Damn! Nothing happened. But why? Let’s take a look at the source code:

Hmmm take a look at the condition of our input and think why our script didn’t get executed.
Want a hint? Look at the color of  and tag. They are different right? A pink tag (loosely speaking) means the tag got executed and a normal black tag means the filter sanitized it (blocked it or whatever).
What to do now? Be patient I don’t know what to do. Let’s try to solve this problem, together.
So the filter allows the  tag but blocks the  tag. Maybe the filter blocks the tag because it denotes starting of a script?
I got an idea! I am not sure it will work or not. The trick is to enter alert(String.fromCharCode(39, 88, 83, 83, 39));alert(String.fromCharCode(39, 88, 83, 83, 39));

As you can see above I just copied the previous input two times.
Here is my plan, when the filter will see the , it will think an attacker is trying to run a script so the filter will block it. As we saw in the source code, the filter doesn’t block  tag maybe because it can’t work without  or some other reason.
The filter will allow  thinking that the “malicious” script entered by the user is over but this time we are going to try

alert(String.fromCharCode(39, 88, 83, 83, 39));alert(String.fromCharCode(39, 88, 83, 83, 39));

As you can see I copied the same script two times. If I am right, the filter will block the first script and will allow everything after the </script> tag of the first script.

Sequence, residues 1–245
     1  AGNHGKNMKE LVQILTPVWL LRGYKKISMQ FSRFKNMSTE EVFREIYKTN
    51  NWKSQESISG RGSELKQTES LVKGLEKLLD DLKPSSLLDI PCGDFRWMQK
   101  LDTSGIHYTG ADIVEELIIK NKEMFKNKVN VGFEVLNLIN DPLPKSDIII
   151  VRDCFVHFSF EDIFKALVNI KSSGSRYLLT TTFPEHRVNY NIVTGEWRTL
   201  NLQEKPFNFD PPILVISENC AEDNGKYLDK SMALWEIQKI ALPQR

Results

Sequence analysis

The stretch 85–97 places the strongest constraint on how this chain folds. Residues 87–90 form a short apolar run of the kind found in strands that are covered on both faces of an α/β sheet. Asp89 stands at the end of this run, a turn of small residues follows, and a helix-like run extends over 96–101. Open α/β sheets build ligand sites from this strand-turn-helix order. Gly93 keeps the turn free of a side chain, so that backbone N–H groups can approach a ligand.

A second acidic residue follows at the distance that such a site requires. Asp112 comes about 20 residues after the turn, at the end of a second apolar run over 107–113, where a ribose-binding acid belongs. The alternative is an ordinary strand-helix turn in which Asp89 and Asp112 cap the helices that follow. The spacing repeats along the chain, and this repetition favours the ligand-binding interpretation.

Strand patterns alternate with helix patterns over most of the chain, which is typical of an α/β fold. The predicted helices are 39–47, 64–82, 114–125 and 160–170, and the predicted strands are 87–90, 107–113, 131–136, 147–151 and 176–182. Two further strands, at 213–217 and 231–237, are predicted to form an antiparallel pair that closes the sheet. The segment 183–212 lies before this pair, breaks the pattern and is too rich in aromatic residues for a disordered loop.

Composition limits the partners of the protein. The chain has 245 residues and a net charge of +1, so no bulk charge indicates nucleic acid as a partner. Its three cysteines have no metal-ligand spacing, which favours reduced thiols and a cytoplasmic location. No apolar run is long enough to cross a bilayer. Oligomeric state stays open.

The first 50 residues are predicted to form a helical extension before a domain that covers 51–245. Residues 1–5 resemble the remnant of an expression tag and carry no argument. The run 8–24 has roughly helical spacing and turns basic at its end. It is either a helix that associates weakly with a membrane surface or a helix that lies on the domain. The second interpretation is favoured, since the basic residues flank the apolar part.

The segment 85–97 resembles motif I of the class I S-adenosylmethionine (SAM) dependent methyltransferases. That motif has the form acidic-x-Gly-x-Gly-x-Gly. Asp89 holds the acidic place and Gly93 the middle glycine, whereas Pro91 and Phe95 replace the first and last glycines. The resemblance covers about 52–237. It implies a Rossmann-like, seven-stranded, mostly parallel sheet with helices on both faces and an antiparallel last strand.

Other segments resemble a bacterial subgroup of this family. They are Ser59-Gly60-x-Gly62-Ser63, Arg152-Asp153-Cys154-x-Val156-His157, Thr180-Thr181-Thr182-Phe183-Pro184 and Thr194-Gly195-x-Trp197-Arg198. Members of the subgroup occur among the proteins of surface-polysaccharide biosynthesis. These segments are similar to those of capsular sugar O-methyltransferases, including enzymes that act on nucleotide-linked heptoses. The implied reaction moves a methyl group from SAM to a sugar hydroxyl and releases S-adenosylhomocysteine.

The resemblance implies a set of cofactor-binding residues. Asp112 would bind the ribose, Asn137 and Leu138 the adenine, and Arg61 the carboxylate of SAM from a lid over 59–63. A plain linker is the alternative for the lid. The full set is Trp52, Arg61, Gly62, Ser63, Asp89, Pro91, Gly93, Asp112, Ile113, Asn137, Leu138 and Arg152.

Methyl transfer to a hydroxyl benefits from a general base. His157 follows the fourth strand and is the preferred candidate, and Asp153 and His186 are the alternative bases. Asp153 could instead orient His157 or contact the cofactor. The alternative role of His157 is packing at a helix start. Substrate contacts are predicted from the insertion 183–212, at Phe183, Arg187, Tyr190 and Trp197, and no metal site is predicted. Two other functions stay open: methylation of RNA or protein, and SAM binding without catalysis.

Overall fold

Now let’s see if it works

Whoa! That’s beautiful! It worked perfectly!
Wait I have another idea!
Lets try this

</script>alert(String.fromCharCode(39, 88, 83, 83, 39));

The plan is same, </script> will make the filter think the malicious script is over and  rest of script will get executed.
I entered our “modified” query in the search box and here is what I got:

Yeah! Wonderful!

Now let’s sum up what we learned today:

1. Enter a script if it works then great. It doesn’t get executed then check the source code of the webpage to see what happened with the input.

2. If the filter identifies single quote  and double quote  and escapes it then you can try to encode it.

3. The rest depends on your creativity and experience gained from trial and error.

We will bypass a lot of other filters interesting filters in upcoming articles.
I hope you enjoyed this article.
Keep learning! Keep XSSing!

The post Bypassing XSS Filters : Part 1 appeared first on Ultimate Hackers.

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Today we will learn the basics of Cross Site Scripting (XSS).
Ahh please stop thinking why they call it XSS and not CSS, I wasted hours thinking about that.
And yeah, If you really want to understand XSS then make sure you have basic knowledge of HTML and JavaScript.
Now let’s get straight to the point.

What Is XSS?

It is a web application vulnerability which lets an attacker run his own scripts (client-side scripts actually) into web pages.
An attacker can easily steal cookies, credentials and even spread malware by successfully exploiting an XSS vulnerability.
Most of the times, an input form is used by an attacker to inject his malicious code.